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Lessen Protein And Potassium In The Diet
A physician may recommend for patients with glomerulonephritis to lessen protein and potassium in their diet. The objective of this restriction is to reduce the risk of developing chronic kidney disease or end-stage renal failure. When protein is digested in the body it forms a byproduct called urea. In a healthy individual, urea is transported by the bloodstream to the kidneys where it is removed from the body through the urine. The kidneys of a glomerulonephritis patient, however, cannot extract urea out of the blood properly. The excess urea puts a strain on the already compromised kidneys. In addition, a patient with glomerulonephritis may develop what is called uremia, or a toxic accumulation of urea in the blood. Limiting the consumption of protein can help keep urea levels at an acceptable level that does not cause harm to the kidneys. When an individual has glomerulonephritis, their kidneys also cannot properly filter potassium out of the blood. An excess of potassium in the blood can result in the disruption of nerve and muscle function, a heart attack, or an arrhythmia. Avoiding potassium-rich foods like sweet potatoes, spinach, nuts, oranges, bananas, tomatoes, dairy products, and legumes can help keep potassium levels from becoming dangerously high.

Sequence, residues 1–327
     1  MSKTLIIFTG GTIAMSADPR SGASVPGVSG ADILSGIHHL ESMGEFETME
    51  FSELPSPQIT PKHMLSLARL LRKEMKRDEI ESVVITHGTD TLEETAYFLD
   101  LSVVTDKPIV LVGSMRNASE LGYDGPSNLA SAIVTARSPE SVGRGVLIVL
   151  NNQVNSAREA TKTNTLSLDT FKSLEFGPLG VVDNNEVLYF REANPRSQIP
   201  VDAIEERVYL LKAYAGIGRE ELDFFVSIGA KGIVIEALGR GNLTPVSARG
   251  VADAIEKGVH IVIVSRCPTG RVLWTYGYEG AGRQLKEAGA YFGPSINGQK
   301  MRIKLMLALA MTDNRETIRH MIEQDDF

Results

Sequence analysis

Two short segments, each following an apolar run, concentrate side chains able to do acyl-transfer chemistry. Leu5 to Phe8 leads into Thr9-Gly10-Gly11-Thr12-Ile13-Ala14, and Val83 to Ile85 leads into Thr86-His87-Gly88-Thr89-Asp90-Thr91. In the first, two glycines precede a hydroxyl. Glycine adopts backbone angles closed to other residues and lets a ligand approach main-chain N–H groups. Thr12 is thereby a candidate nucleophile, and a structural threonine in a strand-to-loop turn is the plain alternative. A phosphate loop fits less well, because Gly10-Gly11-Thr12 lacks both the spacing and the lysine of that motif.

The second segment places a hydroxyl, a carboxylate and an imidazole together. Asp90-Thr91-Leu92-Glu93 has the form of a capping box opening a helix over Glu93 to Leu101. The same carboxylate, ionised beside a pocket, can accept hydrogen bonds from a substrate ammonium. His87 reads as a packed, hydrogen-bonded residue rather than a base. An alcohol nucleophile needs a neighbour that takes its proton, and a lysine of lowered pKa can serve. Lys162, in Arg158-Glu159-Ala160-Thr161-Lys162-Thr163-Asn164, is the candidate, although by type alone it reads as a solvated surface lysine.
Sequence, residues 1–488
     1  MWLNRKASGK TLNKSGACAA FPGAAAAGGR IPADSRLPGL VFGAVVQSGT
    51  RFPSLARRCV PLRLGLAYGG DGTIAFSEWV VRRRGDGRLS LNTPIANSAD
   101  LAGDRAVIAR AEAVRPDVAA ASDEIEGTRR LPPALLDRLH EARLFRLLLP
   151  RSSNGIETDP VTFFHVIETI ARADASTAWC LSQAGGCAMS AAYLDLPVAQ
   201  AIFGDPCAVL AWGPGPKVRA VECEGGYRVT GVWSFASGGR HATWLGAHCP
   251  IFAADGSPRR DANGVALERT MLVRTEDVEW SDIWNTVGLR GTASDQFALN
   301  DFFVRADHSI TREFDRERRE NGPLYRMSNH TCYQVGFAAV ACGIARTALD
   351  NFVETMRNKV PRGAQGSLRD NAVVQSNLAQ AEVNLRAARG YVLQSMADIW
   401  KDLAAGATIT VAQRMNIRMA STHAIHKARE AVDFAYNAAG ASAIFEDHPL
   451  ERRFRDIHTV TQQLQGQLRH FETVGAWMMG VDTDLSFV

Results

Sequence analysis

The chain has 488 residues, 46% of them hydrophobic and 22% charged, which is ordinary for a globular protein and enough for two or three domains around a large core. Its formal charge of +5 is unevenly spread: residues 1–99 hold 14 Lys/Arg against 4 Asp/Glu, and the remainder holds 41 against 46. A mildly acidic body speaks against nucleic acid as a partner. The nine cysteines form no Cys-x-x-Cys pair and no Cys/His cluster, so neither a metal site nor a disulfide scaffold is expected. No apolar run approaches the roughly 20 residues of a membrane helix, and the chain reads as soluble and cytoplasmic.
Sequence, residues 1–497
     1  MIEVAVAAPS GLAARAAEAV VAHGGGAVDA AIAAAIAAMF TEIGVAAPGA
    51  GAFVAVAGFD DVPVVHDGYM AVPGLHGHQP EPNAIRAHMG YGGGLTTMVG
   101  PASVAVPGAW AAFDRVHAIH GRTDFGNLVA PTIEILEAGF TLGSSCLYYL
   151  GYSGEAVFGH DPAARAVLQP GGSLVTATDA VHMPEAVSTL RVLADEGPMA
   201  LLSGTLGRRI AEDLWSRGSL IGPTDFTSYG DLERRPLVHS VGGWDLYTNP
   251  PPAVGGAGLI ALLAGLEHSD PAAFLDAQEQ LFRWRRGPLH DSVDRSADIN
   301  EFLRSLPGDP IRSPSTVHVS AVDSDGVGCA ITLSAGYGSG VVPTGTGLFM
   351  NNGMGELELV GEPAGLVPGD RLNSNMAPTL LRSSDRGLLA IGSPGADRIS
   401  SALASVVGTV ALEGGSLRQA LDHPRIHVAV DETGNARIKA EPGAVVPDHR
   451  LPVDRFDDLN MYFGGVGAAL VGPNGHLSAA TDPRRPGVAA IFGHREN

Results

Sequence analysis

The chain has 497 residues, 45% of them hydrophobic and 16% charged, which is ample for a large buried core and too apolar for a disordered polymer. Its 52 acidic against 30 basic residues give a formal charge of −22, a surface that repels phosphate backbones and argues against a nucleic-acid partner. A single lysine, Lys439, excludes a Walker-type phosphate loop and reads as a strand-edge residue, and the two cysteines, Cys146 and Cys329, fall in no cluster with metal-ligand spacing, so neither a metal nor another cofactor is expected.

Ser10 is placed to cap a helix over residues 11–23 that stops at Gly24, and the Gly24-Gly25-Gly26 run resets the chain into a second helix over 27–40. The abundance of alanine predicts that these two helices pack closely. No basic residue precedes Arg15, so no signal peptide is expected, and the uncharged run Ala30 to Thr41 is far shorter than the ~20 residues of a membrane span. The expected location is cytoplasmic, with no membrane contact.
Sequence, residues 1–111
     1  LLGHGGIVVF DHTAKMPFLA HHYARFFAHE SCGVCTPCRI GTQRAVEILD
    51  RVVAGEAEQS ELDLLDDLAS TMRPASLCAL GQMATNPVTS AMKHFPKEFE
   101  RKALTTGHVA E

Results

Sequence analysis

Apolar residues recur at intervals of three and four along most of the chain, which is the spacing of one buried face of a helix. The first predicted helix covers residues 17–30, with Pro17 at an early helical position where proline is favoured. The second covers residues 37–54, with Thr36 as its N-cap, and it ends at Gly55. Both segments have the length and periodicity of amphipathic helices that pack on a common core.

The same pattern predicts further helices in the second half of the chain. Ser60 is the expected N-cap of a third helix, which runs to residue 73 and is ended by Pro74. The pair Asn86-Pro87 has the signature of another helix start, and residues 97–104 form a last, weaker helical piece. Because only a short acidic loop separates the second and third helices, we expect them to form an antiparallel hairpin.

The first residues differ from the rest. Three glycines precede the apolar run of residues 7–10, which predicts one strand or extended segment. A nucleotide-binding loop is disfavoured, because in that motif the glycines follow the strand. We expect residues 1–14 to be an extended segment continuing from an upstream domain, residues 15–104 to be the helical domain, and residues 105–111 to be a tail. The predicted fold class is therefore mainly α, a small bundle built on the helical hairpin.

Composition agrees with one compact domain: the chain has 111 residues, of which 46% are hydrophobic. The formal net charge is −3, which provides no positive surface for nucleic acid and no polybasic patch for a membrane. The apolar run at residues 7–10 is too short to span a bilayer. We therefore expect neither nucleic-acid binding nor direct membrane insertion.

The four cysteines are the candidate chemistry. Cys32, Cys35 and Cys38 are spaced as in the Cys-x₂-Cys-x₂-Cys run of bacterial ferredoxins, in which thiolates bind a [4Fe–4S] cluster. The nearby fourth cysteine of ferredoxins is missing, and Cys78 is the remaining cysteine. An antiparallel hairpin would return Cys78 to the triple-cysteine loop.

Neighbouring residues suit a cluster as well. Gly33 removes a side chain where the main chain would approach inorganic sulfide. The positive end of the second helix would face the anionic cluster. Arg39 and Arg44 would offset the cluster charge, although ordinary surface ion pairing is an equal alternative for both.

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Control Blood Sugar
Anyone who has diabetes and glomerulonephritis will be strongly advised to closely monitor and control their blood sugar. This is imperative to prevent further permanent damage to the kidneys. When glucose levels in the blood are too high, blood flows into the kidneys at a higher velocity. This is a problem because it causes an increase in blood pressure, and it also strains the kidneys' filtering process. A combination of these factors causes the collapse of the small capillaries in the glomerulus. When that happens, scarring develops on the glomeruli. Scarring of the glomeruli can cause and exasperate glomerulonephritis and chronic kidney disease. When an individual with diabetes does not control their condition properly, the progression of chronic kidney disease to end-stage renal disease becomes expedited. At the very minimum, high blood pressure that results from poor diabetes management can easily inflict damage on the glomeruli and speed up the development of chronic kidney disease.